Regionally, deleveraging has been most severe in Asia where net debt to equity in the 90s averaged 96% before falling to just 22% today. Debt levels are even lower than that in EMEA at 19% whereas LATAM is the only EM region where debt levels increased in the 2000s relative to the 1990s. In the aggregate, EM has a net debt to equity ratio of 23%, half that of the World at 50%. These debt levels today are too low and EM companies should start to re-lever to bring down their cost of capital and boost returns.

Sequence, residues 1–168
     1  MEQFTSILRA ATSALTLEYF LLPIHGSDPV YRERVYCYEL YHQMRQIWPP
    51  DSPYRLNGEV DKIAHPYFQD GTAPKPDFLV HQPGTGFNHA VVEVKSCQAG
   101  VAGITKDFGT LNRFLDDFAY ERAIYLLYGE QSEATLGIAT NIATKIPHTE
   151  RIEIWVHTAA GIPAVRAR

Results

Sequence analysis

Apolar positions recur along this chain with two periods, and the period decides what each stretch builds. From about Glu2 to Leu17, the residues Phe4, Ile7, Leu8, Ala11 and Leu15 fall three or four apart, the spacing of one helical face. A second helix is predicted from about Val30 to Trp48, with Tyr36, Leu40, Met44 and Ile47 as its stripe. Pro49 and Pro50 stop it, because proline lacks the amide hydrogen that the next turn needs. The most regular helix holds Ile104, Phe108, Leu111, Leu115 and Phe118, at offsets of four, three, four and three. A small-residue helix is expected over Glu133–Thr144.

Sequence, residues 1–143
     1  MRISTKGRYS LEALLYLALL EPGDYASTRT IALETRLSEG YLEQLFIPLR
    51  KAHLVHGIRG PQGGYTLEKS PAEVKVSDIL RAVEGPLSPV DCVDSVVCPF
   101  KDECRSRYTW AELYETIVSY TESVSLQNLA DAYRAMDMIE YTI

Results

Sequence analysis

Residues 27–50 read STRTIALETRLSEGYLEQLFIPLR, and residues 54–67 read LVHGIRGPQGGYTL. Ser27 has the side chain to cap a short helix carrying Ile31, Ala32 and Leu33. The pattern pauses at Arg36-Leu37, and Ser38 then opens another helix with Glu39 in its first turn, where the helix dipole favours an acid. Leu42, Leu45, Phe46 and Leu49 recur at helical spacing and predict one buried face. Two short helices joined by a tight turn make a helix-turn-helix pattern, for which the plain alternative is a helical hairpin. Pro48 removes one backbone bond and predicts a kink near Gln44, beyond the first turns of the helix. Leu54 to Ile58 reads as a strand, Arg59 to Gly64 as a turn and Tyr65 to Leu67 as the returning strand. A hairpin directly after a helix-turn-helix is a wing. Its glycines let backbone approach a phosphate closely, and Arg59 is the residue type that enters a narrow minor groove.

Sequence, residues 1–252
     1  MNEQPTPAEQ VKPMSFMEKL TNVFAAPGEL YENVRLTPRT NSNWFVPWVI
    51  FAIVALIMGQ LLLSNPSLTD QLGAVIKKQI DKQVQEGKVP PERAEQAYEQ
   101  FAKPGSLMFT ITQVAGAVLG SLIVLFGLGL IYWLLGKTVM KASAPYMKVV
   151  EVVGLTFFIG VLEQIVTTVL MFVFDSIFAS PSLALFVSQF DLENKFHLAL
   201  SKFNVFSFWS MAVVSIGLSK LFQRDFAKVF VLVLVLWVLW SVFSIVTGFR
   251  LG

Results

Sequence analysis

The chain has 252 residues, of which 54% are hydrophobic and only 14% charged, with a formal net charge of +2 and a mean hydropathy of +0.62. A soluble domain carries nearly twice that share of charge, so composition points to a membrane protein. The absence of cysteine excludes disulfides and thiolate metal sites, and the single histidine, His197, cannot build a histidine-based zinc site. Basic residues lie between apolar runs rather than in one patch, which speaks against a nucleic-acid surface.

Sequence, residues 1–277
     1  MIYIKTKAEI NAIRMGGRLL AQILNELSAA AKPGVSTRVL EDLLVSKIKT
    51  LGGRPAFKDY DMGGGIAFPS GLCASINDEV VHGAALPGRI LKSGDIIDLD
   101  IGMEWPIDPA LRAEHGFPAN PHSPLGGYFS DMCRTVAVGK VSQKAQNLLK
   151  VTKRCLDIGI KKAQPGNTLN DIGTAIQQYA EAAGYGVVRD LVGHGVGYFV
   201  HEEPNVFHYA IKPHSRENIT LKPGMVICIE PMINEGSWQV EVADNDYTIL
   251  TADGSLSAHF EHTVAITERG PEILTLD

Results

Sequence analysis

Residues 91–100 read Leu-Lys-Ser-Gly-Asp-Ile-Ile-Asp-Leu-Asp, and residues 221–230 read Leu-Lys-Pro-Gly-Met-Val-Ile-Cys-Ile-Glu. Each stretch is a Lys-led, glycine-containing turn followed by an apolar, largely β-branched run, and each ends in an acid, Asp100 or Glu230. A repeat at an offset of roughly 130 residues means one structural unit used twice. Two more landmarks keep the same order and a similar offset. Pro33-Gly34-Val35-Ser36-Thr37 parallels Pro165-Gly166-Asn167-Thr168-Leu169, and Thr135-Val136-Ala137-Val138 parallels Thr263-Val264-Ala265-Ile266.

But, debt is cheap while the cost of equity has done quite the opposite. The EMBI spread averaged 800bps through the 90s and is under 300bps today. All in yields are at lows of less than 6% given the extraordinarily low yields on US treasuries. This makes debt funding look very attractive. Meanwhile, the equity risk premium has remained elevated – at around double its historical average, even after retreating from its 2008 peak. This combination of falling debt costs and rising equity costs suggests a higher mix of debt to equity on the corporate balance sheet should be used to optimize the cost of capital. Indeed, to minimize the cost of capital (WACC), a deduced leverage ratio above current levels is required. A number of EM companies have taken advantage of favorable terms to issue debt recently. But EM companies look under levered when benchmarked to a 43% Net debt to equity ratio which optimizes the WACC, according to empirical investigation by UBS. EMEA and Asia are the most under levered regions. All countries within emerging Asia are under levered with the exception of Thailand. India, Indonesia, Malaysia and Taiwan have net debt to equity ratios under 20% expected by 2011. Elsewhere, leverage in LATAM is much closer to optimal suggesting no re-leverage opportunities there. Russia and South Africa are a different story as they have some of the lowest net debt to equity ratios.